When inventor and investor meet
Our continuing quest for unique viewing treats has come up with a hearty harvest this month, paced by the very practical and helpful “inventions” show, “Invent It Rich,” on Discovery. The weekly program, which we watched locally last Saturday, invited inventors of practical products to “pitch” their gadget’s virtues to a panel of experts and specialized consultants.
They vet it stringently for originality, appeal to many potential buyers, acceptable price, reliable function—and potential for substantial profits.
The tilt isn’t for lofty, ivory-tower experimenters and dreamers, but for practical people who identify a felt need that has yet to be serviced, come up with a gadget or another product that economically fills it, and clearly prove that it’s worth the investment offered to the week’s winner by the show’s resident and tough-as-a-nut investor.
The telecast we watched featured home-crafted inventions like a contraption that melted ice off a car windshield wiper (for use in winter), “augmented reality” goggles, a handy “repair-all” gadget, and an updated trike for “drift driving” aficionados.
The gadgets were first subjected to field tests designed to make the new invention instantly “deliver” as promised, absolutely no excuses allowed.
The trike was a hit with the testers—but, most instructively, it was soon eliminated from consideration due to its steep projected price.
Lesson learned: If you want to make your invention appeal to many potential buyers, you’ve got to price it way down. The reason for this is that many people buy with a “bargain” mentality at play, or on a whim or impulse.
If your product is “cheap,” they can more readily choose to buy it now, because they can afford it. Based on the other, more “affordable” products featured last week, the key price ceiling for this “buy now” mode to kick in is—around $50.
Alas, the updated trike was priced way beyond that, so nobody impulsively decided to buy it, even if it was a big hit with the product testers.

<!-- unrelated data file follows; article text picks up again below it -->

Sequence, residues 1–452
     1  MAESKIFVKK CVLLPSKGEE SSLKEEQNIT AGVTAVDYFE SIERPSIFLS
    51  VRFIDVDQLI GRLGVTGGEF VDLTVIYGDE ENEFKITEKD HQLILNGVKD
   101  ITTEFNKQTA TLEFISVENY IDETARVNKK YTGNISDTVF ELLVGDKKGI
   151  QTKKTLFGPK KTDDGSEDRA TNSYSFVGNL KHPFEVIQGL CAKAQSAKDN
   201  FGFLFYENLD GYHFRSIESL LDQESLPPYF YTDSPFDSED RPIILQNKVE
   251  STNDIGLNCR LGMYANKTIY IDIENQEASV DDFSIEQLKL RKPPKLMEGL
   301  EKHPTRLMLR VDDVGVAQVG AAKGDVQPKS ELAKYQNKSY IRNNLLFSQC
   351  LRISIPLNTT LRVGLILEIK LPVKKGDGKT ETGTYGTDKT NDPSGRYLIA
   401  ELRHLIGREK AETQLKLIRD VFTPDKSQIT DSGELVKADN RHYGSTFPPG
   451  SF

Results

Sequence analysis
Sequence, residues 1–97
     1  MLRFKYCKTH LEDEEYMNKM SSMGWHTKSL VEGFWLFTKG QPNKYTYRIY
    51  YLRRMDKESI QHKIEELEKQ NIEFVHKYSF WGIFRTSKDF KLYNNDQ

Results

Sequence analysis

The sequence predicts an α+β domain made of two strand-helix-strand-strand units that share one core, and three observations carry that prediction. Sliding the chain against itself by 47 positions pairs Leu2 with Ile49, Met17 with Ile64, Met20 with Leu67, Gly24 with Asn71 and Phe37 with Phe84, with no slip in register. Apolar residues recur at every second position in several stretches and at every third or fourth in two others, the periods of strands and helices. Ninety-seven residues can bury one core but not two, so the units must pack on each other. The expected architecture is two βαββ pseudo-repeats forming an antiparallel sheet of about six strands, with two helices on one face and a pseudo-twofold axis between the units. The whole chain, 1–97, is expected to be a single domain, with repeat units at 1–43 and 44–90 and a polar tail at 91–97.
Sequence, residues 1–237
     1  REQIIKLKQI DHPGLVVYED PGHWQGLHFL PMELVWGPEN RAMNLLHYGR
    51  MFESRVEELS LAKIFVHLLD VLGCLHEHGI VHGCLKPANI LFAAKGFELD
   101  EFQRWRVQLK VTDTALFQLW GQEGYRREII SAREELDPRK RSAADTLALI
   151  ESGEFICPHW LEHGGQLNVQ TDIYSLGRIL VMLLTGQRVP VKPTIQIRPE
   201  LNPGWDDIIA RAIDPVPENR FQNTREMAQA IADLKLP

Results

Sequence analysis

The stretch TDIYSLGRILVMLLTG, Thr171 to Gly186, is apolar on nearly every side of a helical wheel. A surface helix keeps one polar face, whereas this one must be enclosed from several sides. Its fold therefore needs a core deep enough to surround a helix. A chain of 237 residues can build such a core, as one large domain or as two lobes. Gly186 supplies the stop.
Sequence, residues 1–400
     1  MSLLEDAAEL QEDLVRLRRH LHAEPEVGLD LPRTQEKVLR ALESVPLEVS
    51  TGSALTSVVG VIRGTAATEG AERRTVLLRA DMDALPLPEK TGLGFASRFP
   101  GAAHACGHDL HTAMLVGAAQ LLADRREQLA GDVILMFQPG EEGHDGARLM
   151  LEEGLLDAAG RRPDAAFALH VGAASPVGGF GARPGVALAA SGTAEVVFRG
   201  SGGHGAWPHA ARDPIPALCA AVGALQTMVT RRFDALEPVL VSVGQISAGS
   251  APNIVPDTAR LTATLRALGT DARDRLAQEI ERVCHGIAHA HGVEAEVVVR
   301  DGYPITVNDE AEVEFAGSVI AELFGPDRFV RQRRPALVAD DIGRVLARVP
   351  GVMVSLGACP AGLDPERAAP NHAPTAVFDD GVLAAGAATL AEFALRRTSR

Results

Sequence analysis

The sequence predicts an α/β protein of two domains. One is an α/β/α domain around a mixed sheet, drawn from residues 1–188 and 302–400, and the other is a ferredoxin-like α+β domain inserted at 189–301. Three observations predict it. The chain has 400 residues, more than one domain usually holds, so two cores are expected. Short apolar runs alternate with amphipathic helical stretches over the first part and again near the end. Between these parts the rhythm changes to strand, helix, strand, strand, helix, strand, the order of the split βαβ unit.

The show relies a lot on a carefully selected focus group of “ordinary” people for hands-on feedback and suggestions on how to further improve new products to maximize their value and “buyability.” The investors were made to listen in on their spontaneous comments and critiques—an experience that proved to be most illuminating—and chastening.
The members of the focus group were really tough potential customers, who minced no words in dissing the inventions that didn’t live up to their glowing blurbs, or were priced too “shamelessly” high.
The weekly tilt’s final stage “starred” the show’s resident investor and moneybags, who turned out to be even tougher and no-nonsense than the focus group. If a new product didn’t promise him hefty sales and profits, he wasn’t interested, even if it had passed all of the previous levels of scrutiny with flying colors.
And his investment was “shockingly” miserly—just $50,000 for 30 percent of the new business! His explanation: It would cost him hundreds of thousands of dollars more to set up the mass distribution and promotions for the winning product (the windshield wiper add-on for use in the winter).
Subscribe to INQUIRER PLUS to get access to The Philippine Daily Inquirer & other 70+ titles, share up to 5 gadgets, listen to the news, download as early as 4am & share articles on social media. Call 896 6000.